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3 legit ways to shield your kids from tax burdens

Jeanie Ahn
Senior Producer/Reporter

In light of recent New York Times reports on President Trump and his family’s alleged attempts to dodge millions in taxes, we here at Yahoo Finance thought: what are some legitimate money moves average people can make to help their kids?

Get ahead of tuition costs

Let’s face it: most Americans aren’t rolling in enough money to be worrying about the best way to pass on hundreds of millions to their children. But if you want to pass on a meaningful financial legacy to your heirs, and you’re not in debt and saving enough for your own retirement, one way to make sure your kids can get ahead is to invest as much as you can into a 529 college savings account.

The beauty of a 529 is that in many states, the contributions you make into a 529 is tax deductible. And anyone, including family and friends, can contribute to it. Not only that, the tax law expanded this year to allow families to tap into their 529 plans (up to $10,000) for enrollment and expenses in elementary through high school, and either public or private school.

Right now our country has a $1.5 trillion student debt problem that isn’t getting better anytime soon as college costs for millennials are 300% times more than their parents paid. Sadly, according to college cost calculators that factor in a 5% annual tuition increase, by the time my 3-year-old daughter goes to college, the average cost for a private college education will be close to $100,000 a year.

Kickstart your child’s retirement savings

According to the Times report, Fred Trump hired his son Donald as a salaried employee to “sidestep gift and inheritance taxes” – but there are other legal tax strategies to benefit from if you’re a parent who owns a business and you’re able to hire your kids. One easy tax-saving investment strategy? Kickstart your child’s retirement savings by opening up a minor-Roth IRA, also known as a custodial Roth IRA.

As long as your child has earned income, you or your child can contribute as much as she has earned to her Roth IRA (up to $5,500 a year) and the earnings grow tax-free. The biggest advantage here is that the funds have so much time to grow, thanks to the power of compound interest. Let’s say you put in $1,000 a year; by the time your child is 65, she’ll have over $2 million saved for retirement. Not a bad idea considering the challenges facing Social Security. And as the parent, you’re in full control of the account until she’s 18 or 21, depending on your state.

“It can eliminate Social Security as a necessity,” says Chris Carosa, author of “From Cradle to Retirement: The Child IRA.” Carosa says setting up your child with an IRA is a good way to teach your kids how beneficial it is to save and invest, and build momentum for them to want to be financially savvy throughout their lifetime.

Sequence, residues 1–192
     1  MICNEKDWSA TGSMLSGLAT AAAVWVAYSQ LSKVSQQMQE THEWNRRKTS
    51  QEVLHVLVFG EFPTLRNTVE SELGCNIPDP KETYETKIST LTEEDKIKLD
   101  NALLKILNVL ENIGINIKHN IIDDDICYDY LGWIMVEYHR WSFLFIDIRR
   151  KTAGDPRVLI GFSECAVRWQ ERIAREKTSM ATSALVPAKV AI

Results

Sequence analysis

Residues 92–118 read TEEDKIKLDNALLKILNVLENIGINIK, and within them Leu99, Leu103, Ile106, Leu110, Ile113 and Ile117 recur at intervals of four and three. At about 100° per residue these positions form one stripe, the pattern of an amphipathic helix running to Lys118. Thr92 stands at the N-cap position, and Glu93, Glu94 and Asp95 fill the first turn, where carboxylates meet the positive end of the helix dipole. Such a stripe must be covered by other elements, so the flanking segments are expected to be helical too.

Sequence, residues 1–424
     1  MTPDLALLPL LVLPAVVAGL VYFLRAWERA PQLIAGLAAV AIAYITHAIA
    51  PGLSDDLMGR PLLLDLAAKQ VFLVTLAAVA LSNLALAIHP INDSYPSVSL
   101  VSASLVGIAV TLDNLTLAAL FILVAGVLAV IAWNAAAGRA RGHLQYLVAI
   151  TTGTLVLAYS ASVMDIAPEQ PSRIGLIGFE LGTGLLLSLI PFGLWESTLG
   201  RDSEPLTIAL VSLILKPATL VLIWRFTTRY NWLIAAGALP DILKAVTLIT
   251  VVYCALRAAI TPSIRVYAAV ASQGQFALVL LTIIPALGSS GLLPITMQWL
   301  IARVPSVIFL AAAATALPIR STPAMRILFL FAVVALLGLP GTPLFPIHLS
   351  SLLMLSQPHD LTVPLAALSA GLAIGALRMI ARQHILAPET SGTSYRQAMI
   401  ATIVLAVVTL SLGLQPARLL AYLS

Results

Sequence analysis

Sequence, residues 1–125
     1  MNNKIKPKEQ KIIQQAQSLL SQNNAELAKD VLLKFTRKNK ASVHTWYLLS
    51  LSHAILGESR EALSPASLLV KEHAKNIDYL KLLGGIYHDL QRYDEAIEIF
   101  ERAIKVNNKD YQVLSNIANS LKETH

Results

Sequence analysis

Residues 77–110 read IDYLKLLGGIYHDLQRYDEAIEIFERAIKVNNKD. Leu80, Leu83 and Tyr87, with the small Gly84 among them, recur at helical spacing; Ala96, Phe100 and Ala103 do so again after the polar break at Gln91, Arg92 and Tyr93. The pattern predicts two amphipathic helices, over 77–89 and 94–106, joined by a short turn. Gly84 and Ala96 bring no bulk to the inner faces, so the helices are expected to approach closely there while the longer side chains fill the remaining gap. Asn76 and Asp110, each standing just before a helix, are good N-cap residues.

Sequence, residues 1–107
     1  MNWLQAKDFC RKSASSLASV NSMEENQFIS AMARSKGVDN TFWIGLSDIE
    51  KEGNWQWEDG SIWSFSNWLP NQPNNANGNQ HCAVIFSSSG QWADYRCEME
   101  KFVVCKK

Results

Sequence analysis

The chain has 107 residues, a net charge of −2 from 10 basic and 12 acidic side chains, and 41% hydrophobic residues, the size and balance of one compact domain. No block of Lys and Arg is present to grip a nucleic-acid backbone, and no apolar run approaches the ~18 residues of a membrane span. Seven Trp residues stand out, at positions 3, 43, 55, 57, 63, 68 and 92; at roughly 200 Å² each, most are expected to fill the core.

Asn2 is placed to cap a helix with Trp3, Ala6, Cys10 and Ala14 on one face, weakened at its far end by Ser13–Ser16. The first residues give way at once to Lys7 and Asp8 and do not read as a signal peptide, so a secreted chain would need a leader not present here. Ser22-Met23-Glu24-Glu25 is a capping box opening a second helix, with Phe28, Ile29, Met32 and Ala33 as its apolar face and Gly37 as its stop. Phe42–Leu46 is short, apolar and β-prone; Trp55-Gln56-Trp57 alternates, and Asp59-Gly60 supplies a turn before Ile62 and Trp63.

Another perk to the Roth? Your child can use the funds for more than just retirement. Before age 59½, as long as the account has been funded for five years, they can withdraw up to $10,000 in earnings toward their education or their first home, without paying a tax or penalty.

Gift from the grave

Unless you’re a multimillionaire, most families won’t have to worry about the $11.2 million estate and gift tax limit. Instead, most American families are focused on reducing the income tax burden as they pass on any assets like real estate, says George Metcalfe Jr., an estate-planning attorney at Richman Greer.

So if you own property and want to gift it to your child, you’ll want to wait until you die. This legal tax loophole called “step up in basis” significantly reduces the income tax the beneficiary would have to pay. For example, say you want to gift your child a piece of property that you bought for $100,000 but is now worth $500,000.

If you gift it to your child while you’re alive, he or she will have to pay capital gains taxes on the amount that appreciated from the original cost basis. But when you die, the current tax law states that any stocks, real estate, or other assets you leave to your heirs upon your death will pass on with the fair-market value on the date your beneficiaries inherit the assets. On that half-a-million dollar property, your child won’t have to worry about being taxed on the capital gains, unless income is being generated from that property, says Metcalfe.

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